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THEY SAILED INTO HARM’S WAY dressed as ordinary fishermen, seeking to be attacked by German submarines. This armed team faced danger, frayed nerves, and boredom. Because their mission was secret, they could not explain their service to Canada in the First World War. In this brisk, readable and respectful history, John N. Grant tells the long-buried story of Canada’s Mystery Fleet. He names men who tried to lure U-boats into range, and then sailed into anonymity—until now. Many historic photographs.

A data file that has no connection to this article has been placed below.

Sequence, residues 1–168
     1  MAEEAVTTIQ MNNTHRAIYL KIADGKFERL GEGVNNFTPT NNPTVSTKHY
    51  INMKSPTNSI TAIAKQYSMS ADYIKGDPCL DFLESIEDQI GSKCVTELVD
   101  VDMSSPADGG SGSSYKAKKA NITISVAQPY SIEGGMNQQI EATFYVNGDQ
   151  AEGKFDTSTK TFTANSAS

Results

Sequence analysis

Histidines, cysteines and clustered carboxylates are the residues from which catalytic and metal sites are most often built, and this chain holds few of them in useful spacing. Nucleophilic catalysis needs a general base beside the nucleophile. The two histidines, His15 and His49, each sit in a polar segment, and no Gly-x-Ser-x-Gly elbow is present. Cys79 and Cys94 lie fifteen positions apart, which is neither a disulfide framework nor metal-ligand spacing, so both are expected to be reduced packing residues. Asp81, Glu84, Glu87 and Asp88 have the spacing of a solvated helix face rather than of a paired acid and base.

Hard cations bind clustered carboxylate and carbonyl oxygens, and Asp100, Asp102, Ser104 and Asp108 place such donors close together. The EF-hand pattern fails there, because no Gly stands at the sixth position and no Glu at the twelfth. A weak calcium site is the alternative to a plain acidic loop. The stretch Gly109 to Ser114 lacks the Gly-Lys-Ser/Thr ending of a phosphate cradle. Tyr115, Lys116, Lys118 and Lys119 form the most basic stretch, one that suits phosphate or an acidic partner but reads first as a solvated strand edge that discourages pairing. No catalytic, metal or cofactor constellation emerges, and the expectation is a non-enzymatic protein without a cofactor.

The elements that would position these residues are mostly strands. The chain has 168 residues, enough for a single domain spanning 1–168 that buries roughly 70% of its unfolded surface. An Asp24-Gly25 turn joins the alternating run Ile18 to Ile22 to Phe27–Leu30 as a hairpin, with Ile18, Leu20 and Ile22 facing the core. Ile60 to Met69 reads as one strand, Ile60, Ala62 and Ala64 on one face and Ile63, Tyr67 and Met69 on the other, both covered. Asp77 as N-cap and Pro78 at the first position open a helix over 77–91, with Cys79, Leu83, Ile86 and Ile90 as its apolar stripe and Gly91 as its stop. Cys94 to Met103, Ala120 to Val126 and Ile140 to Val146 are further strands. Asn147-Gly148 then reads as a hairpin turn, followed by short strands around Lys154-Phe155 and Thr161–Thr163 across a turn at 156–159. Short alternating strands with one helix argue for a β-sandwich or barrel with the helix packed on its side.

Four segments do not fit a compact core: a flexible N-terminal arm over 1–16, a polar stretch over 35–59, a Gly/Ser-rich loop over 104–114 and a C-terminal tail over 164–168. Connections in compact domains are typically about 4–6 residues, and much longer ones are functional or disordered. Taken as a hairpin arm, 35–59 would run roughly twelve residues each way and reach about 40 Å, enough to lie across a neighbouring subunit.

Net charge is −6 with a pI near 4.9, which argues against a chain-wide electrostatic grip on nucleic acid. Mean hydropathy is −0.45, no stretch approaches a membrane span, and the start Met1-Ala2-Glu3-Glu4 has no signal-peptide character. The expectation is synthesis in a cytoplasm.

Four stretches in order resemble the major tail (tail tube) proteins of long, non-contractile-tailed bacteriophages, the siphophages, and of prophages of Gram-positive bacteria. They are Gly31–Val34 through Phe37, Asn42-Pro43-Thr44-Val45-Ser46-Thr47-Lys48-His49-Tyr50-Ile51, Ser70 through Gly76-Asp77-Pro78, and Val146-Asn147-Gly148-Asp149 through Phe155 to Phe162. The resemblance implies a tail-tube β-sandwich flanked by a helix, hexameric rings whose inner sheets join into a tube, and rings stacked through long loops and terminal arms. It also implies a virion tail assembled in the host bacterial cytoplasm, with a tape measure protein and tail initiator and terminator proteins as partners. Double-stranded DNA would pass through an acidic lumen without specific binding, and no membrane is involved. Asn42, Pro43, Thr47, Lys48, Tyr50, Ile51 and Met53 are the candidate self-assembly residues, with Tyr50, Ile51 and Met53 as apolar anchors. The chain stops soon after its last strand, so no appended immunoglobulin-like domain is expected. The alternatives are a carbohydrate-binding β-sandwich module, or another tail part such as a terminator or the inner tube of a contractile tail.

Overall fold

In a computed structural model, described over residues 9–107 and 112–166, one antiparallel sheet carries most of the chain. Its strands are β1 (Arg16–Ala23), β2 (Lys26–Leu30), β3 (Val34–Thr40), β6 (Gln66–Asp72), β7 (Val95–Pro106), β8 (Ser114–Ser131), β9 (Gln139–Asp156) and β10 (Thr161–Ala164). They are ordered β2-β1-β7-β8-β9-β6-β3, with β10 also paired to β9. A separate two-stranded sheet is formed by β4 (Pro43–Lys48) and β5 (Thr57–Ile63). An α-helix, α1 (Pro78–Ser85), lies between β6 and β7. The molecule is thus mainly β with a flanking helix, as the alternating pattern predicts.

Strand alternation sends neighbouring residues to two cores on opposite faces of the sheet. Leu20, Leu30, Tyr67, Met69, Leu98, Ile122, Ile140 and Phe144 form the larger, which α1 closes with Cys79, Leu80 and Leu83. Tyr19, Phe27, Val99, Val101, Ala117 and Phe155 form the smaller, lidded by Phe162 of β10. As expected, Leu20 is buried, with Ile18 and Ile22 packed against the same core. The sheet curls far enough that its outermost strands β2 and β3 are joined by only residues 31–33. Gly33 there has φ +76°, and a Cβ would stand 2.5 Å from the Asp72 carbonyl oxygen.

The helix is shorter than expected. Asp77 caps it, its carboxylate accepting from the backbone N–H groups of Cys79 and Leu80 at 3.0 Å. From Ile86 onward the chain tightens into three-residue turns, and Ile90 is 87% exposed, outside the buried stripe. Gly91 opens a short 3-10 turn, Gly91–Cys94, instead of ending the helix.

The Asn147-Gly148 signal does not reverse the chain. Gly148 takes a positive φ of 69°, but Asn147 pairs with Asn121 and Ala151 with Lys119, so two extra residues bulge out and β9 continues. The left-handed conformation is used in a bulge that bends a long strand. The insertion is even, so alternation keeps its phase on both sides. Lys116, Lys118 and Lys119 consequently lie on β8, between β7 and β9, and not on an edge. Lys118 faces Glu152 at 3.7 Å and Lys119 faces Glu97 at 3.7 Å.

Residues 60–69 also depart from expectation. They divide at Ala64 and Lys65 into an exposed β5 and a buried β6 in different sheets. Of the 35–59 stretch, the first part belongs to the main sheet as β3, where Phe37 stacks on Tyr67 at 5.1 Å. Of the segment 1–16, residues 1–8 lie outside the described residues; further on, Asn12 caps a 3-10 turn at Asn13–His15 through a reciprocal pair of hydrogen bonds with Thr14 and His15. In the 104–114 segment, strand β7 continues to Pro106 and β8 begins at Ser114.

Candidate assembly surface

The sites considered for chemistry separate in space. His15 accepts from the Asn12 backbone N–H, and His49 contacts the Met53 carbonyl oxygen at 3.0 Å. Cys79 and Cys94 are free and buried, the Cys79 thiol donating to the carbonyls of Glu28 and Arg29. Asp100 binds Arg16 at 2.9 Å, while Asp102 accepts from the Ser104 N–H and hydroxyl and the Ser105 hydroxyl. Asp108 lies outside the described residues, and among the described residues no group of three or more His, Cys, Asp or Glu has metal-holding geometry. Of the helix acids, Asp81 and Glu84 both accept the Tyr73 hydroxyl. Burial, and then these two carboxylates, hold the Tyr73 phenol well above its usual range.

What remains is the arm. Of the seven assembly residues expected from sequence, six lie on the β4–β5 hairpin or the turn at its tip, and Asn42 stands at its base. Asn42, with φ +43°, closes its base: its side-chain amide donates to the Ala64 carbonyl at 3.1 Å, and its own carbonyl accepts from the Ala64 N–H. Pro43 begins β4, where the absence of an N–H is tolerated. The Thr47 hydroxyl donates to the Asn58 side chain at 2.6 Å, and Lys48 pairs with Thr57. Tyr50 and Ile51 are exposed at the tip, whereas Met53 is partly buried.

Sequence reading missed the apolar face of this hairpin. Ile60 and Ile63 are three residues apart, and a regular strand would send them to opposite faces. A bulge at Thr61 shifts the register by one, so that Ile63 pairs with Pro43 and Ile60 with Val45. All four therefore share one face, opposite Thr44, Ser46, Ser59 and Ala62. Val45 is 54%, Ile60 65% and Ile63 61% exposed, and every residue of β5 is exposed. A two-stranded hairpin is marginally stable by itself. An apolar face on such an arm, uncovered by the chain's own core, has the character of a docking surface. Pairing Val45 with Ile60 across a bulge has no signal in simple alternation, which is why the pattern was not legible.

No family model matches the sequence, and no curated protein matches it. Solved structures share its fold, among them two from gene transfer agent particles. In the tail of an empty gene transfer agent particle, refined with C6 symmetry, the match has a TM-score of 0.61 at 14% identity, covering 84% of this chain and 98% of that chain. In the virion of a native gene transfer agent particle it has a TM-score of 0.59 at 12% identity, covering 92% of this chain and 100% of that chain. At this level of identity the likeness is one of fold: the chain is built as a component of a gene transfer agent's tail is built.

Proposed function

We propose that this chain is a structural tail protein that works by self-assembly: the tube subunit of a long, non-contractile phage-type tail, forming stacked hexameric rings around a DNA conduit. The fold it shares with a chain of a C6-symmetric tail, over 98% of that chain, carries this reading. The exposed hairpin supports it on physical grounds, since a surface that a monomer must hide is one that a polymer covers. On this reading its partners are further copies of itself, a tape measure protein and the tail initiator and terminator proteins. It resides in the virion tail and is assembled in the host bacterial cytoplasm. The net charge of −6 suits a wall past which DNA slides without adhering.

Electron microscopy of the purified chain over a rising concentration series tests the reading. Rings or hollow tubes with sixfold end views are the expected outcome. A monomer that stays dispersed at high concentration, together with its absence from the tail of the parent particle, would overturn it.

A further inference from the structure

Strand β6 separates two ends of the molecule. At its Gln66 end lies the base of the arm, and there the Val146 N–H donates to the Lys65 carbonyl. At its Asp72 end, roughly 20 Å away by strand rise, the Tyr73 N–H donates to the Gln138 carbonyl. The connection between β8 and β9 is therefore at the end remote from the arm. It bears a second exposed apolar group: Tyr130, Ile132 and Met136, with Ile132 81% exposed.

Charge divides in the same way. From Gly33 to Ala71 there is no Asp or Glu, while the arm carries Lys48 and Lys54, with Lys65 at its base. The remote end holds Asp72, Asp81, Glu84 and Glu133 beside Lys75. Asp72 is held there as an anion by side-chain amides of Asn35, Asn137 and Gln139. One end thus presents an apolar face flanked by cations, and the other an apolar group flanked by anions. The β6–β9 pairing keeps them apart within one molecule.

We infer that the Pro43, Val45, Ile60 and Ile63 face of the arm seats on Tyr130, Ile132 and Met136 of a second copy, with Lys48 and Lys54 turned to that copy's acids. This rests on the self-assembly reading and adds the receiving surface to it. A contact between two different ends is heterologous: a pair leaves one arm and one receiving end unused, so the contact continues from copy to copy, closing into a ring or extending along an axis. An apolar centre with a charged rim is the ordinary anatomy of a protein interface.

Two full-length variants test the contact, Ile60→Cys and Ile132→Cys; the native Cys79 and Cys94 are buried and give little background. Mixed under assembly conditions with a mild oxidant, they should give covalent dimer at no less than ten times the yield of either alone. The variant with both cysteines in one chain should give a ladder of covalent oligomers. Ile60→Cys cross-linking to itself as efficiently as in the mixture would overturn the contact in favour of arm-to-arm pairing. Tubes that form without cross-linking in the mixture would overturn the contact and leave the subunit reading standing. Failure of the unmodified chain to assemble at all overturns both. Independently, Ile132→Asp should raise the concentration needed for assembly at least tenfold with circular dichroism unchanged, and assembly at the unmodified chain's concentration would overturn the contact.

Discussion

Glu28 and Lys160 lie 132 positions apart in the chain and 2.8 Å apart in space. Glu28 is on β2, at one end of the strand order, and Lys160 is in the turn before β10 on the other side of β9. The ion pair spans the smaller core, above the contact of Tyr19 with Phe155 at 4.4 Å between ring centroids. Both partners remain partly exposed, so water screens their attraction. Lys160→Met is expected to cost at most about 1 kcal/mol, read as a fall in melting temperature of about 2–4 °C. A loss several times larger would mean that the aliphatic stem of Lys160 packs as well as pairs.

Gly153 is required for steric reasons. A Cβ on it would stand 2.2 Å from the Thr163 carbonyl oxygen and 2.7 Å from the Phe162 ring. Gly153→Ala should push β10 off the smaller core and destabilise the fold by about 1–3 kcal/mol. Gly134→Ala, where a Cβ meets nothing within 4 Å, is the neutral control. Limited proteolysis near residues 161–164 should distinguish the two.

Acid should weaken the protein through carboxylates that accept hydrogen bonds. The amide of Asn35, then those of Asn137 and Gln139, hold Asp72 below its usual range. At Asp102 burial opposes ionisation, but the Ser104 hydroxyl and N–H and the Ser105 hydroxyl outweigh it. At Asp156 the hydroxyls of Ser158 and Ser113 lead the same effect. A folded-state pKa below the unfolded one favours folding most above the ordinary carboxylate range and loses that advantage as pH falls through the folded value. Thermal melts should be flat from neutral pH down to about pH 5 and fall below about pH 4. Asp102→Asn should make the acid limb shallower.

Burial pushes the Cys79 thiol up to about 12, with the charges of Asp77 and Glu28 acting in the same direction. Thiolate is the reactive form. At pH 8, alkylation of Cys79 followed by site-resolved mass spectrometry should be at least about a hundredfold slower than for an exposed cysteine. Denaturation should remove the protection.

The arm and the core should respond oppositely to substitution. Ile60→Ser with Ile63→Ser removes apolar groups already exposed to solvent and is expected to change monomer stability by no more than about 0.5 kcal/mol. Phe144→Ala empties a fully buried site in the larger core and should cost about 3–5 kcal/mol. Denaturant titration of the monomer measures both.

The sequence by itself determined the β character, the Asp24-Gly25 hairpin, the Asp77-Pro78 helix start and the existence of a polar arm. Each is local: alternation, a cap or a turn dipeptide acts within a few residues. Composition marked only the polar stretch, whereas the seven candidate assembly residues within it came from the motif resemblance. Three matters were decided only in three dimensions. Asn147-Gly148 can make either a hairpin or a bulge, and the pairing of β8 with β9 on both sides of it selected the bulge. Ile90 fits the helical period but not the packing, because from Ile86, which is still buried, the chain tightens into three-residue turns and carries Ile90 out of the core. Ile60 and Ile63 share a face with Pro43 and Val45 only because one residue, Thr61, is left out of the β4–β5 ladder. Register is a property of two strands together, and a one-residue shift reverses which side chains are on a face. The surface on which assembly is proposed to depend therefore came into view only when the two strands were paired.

John N. Grant, a native of Guysborough, NS, is a graduate of St. Francis Xavier University, the University of New Brunswick, Dalhousie University and the University of Toronto. He taught in the public school system, was a Research Associate of the Atlantic Institute of Education, a professor at the Nova Scotia Teachers College, and retired from St. Francis Xavier University. He is a member of the Board of Historic Sherbrooke Village, the Little White Schoolhouse Museum, the Royal Nova Scotia Historical Society, the Nova Scotia Teachers College Foundation, and was a member and later Chair of the Board of the Public Archives of Nova Scotia. He has published articles and books on African-Nova Scotian history, the history of academic costume in Nova Scotian universities, the history of education, and local history. He has been interested in the Mystery Fleet since he was first told the story by the then elderly Captain Byron Scott in Sherbrooke, NS, fifty years ago.